The fact that people like Tim Pool, Carl Benjamin and other similar people are called “Far Right” when they’re actually moderate liberals should tell you just how far the Overton window has shifted to the Left. Ironically, with Youtube, Facebook and Twitter banning the far right on their platforms, it’s caused Republicans/Conservatives to become more moderate and want to go further to the right than they would otherwise be while the Democrats/Liberals are so far to the left that the main party wants to shift to the right and be more moderate than they are now.

    For example, when a Republican does something even remotely racist or vile, they are basically ex-communicated from the party and any power they might have once had. While a Democrat who openly admits to being a pedophile or a racist is promoted and given a better lot in life.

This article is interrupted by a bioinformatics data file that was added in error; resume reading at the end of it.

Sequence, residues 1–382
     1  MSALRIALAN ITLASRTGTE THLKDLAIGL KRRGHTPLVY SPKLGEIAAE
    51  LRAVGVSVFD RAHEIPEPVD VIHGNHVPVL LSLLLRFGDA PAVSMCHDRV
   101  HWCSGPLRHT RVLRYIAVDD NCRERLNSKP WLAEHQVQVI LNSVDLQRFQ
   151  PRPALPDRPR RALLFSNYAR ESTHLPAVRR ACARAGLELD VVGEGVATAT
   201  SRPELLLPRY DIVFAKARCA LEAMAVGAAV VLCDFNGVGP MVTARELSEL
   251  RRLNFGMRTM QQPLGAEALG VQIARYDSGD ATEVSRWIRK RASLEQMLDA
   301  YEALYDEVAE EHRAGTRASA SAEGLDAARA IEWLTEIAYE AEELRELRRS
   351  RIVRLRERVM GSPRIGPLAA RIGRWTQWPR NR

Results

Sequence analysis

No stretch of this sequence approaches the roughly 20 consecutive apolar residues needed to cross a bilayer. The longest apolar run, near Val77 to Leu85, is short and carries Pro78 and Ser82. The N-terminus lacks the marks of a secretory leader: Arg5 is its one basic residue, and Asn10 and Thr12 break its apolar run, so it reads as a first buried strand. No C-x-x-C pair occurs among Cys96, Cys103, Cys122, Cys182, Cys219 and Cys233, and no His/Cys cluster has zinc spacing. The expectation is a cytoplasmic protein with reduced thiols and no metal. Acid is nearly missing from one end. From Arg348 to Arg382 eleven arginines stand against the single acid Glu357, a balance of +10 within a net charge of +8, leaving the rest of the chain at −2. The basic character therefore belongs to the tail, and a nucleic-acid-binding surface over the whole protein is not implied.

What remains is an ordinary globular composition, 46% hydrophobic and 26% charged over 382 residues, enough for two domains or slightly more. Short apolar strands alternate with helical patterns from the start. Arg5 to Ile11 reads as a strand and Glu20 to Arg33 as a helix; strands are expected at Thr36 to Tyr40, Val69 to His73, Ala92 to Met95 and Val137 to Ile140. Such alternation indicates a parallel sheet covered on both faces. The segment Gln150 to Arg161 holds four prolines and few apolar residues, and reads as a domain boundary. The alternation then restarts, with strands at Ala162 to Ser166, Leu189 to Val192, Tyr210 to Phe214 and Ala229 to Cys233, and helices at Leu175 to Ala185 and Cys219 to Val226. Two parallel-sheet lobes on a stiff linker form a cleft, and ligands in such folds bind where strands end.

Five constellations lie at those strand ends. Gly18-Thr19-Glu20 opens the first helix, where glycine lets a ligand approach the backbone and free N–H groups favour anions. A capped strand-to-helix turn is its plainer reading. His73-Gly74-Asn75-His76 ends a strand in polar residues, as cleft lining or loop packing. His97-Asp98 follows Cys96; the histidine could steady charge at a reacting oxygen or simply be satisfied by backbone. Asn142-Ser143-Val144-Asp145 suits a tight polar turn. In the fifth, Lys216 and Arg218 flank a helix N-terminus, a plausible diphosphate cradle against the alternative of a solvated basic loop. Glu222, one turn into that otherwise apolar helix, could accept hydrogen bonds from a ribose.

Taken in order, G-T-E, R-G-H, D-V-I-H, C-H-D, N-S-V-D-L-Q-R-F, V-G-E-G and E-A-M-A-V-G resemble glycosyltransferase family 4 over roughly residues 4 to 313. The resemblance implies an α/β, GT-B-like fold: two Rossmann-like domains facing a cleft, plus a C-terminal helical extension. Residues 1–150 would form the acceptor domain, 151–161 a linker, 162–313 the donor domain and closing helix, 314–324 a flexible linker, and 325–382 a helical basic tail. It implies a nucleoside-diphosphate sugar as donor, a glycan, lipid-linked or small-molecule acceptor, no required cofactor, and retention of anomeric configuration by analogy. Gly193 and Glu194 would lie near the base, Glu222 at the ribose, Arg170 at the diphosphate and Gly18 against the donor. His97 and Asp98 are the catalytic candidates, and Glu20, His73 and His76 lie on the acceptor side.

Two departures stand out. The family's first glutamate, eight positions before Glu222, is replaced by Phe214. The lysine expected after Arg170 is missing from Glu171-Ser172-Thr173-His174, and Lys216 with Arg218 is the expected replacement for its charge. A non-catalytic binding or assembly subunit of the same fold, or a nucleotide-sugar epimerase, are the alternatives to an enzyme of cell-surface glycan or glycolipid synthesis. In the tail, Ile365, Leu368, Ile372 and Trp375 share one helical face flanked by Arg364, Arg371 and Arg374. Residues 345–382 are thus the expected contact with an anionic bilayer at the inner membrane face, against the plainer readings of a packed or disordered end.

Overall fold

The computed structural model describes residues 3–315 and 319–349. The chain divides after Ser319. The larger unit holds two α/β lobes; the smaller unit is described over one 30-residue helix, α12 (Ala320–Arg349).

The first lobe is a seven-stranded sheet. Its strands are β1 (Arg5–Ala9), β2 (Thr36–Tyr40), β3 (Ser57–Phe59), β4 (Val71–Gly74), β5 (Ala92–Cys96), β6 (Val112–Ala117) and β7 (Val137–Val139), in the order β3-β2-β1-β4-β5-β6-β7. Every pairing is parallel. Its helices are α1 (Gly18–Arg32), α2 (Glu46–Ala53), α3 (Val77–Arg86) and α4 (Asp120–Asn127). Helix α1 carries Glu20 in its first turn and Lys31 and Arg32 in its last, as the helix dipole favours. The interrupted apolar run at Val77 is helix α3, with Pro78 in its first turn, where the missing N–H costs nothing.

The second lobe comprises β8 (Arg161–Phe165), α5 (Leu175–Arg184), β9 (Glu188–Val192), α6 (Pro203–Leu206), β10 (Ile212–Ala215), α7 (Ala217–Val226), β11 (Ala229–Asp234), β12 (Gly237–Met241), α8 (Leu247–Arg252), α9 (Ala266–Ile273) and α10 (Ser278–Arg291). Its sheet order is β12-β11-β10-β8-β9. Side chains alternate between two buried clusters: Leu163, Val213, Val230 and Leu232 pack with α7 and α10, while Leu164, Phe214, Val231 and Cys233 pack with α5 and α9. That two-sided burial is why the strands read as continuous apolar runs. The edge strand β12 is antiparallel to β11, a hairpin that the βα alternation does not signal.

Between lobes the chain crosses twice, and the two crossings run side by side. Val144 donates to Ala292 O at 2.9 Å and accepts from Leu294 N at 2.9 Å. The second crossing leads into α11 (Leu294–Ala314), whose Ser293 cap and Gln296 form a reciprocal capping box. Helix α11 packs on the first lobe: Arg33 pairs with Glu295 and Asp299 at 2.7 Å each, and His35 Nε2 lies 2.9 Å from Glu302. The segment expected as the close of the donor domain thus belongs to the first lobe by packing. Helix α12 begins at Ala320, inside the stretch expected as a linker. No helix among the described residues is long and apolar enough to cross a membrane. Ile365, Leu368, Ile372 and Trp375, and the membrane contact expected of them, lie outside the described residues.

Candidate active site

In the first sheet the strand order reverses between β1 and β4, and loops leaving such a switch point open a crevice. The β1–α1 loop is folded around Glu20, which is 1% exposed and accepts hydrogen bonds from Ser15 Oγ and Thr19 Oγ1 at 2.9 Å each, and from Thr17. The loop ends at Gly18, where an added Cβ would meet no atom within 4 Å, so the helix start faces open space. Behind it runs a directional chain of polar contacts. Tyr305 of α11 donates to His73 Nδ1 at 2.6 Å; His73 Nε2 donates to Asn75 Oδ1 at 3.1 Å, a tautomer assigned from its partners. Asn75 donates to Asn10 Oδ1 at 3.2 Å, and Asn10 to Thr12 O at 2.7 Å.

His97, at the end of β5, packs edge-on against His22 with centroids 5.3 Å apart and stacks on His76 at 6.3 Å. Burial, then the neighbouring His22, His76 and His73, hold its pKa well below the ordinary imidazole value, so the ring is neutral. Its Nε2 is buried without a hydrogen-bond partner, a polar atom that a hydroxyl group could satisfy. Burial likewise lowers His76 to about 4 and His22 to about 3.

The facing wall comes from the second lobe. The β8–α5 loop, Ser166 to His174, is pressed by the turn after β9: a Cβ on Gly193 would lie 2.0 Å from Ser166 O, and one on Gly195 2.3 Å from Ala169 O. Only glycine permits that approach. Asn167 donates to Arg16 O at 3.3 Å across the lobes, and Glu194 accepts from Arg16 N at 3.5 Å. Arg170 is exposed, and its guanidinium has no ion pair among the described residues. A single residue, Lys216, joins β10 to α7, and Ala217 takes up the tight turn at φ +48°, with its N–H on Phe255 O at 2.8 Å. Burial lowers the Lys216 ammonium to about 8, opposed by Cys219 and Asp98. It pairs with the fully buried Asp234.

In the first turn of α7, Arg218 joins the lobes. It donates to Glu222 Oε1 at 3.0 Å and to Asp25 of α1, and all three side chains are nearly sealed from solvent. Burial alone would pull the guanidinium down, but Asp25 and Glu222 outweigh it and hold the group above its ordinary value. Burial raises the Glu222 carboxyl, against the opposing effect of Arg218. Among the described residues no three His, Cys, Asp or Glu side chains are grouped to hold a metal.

So tell me, which party is dragging the country further away from Center again?

  2. I have always believed in what I called “objective liberalism,” (please not to be confused with the horrid nonsense called “objectivism”) that is, a cohesive set of progressive principles that are rooted in provable facts and logical deductions. But even from the young age when I conceived of this, I found it hard to really find in the political discourse. I still believe in it, over 20 years later, even though it continues to be hard to find, and moreover, seemingly harder than before, although there are still a few beams of light in the darkness.

    It’s quite remarkable, and discouraging, how many very logically intelligent people who I have come across and even personally known who believed some ridiculously illogical and nonsensical things on which some of their principles were based. (Identitarianism is a big one.) It’s become clear to me, though, that this isn’t a political tendency; it’s quite likely a disturbingly prevalent human tendency, from which no good idea is safe.